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New Seattle education levy headed to November ballot

Another Seattle tax is headed for the November ballot: the Families, Education and Preschool Promise Levy.

Seattle approved several measures on Monday, including Mayor Jenny Durkan's proposed education levy. The levy now heads to the November ballot for voter approval.

The Seattle City Council approved the Families, Education and Preschool Promise Levy by a 9-0 vote.

Mayor Durkan's levy is expected to raise money for education, Pre-K, and to pay for a community college education for all Seattle high school students.

The new levy is expected to increase property taxes on a median home by roughly $20 per month. The mayor contends the investment will pay off.

WATCH: Seattle mayor on education levy, homelessness crisis

The previous 2011 and 2014 levies were set to expire this year. Mayor Durkan proposed the new levy to combine both the 2011 Families & Education Levy and 2014 Seattle Preschool Program Levy.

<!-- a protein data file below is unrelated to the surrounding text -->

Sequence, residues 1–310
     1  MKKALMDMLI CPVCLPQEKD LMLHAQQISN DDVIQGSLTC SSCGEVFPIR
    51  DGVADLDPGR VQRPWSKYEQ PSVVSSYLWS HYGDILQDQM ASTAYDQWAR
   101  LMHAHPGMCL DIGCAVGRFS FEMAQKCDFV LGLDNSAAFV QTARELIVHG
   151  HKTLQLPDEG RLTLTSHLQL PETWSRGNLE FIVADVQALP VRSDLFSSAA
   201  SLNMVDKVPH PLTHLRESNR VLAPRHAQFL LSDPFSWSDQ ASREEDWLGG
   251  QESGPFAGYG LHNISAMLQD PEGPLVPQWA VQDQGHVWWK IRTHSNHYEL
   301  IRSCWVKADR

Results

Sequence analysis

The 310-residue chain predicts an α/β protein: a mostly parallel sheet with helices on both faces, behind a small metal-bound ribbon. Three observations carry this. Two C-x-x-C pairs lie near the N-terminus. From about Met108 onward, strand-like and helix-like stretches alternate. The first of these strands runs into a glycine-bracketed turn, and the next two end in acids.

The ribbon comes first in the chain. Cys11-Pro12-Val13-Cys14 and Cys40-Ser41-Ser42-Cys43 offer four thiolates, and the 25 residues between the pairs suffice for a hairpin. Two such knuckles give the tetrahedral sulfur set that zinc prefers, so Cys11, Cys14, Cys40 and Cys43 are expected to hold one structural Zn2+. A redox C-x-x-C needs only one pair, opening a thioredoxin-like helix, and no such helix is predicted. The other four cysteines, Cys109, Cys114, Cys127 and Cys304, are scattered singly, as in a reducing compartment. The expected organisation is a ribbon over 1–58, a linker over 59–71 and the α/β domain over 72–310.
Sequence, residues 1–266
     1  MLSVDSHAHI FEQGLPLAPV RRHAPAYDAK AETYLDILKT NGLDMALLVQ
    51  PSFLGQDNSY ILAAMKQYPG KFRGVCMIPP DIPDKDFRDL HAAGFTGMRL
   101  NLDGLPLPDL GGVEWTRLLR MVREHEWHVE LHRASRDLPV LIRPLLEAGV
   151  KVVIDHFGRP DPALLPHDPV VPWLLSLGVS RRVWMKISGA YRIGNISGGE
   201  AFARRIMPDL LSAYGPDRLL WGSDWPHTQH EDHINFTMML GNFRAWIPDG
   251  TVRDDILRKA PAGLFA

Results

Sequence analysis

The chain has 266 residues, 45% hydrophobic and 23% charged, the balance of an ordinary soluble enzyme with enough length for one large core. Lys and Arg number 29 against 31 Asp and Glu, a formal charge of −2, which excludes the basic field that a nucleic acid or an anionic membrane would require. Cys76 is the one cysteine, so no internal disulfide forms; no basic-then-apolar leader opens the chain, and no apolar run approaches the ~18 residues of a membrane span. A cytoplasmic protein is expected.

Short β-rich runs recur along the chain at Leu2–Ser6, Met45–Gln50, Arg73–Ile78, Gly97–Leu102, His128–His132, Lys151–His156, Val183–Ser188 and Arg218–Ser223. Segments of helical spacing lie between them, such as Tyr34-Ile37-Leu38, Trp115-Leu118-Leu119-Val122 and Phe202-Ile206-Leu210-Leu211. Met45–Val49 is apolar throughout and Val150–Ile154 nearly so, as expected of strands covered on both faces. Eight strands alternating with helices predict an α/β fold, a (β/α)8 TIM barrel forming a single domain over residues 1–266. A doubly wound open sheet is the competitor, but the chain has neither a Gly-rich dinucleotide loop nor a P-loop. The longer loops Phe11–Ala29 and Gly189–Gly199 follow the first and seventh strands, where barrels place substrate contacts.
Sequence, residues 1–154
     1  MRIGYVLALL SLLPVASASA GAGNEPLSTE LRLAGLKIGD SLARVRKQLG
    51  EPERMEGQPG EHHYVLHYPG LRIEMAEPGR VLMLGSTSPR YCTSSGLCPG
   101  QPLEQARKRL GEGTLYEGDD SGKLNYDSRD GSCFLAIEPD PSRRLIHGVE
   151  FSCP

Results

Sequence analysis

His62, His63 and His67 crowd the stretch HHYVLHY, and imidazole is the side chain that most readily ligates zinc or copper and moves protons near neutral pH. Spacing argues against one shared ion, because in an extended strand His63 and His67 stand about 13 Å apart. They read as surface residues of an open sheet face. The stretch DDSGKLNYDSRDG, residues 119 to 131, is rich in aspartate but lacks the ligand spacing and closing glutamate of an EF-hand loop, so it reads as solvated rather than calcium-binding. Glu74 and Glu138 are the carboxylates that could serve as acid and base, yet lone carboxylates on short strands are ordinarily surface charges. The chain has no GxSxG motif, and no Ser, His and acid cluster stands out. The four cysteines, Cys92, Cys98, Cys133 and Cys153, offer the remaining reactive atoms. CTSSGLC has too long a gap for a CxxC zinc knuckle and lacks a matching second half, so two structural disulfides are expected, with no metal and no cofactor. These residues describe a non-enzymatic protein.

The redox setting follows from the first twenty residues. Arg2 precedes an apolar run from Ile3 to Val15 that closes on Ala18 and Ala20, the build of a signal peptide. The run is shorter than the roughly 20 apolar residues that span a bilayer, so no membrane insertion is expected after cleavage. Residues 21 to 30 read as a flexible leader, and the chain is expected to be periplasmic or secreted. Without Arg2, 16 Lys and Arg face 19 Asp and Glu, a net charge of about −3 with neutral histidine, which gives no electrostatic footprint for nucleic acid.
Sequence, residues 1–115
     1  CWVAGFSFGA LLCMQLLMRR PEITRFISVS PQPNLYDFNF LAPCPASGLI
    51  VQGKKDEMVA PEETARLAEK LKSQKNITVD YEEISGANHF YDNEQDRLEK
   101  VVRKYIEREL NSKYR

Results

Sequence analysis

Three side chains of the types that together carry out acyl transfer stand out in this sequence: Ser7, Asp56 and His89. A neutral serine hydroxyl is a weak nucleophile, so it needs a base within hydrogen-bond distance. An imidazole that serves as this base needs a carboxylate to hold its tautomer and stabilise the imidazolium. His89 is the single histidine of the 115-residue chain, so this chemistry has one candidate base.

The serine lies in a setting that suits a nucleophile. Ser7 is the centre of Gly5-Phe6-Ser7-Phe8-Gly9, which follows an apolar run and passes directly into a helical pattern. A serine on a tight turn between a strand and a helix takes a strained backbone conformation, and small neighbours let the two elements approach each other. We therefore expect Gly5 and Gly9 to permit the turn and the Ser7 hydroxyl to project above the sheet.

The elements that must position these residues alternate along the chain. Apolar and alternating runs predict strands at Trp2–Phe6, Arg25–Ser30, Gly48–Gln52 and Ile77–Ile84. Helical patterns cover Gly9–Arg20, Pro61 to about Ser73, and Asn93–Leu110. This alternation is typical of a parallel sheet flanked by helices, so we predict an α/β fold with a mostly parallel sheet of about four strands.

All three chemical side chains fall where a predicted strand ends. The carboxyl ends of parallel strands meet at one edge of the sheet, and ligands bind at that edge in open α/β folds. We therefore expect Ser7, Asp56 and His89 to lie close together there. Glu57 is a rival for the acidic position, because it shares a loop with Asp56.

Under the new levy, low-income seniors, people with disabilities and veterans with a service-connected disability will be eligible for an exemption.

The plan includes:

  • Increase the number of children in preschool by 80 percent.
  • Increase K-12 funding by 30 percent to invest in mental and physical health, college prep, and the rising number of students dealing with homelessness.
  • Ensure that students who graduate from Seattle Public Schools get two years of community college tuition for free. Currently, in Seattle, low income and certain minority groups are roughly 40 percent less likely to graduate high school.

The previous Pre-K levy helped open new facilities across Seattle, including one near Miller Park, where up to 80 kids will be served this fall.

"We try to give kids open-ended problems to solve, and we try to engage their cognitive skills," says Teacher Sharon Pearce, adding, "So that they can be better prepared for Kindergarten and the rest of their lives."

Councilmember Rob Johnson, a proponent of the levy, acknowledged Monday that the head tax "was sucking up a lot of oxygen in the city," and the repeal "certainly creates better conversation with voters this November."

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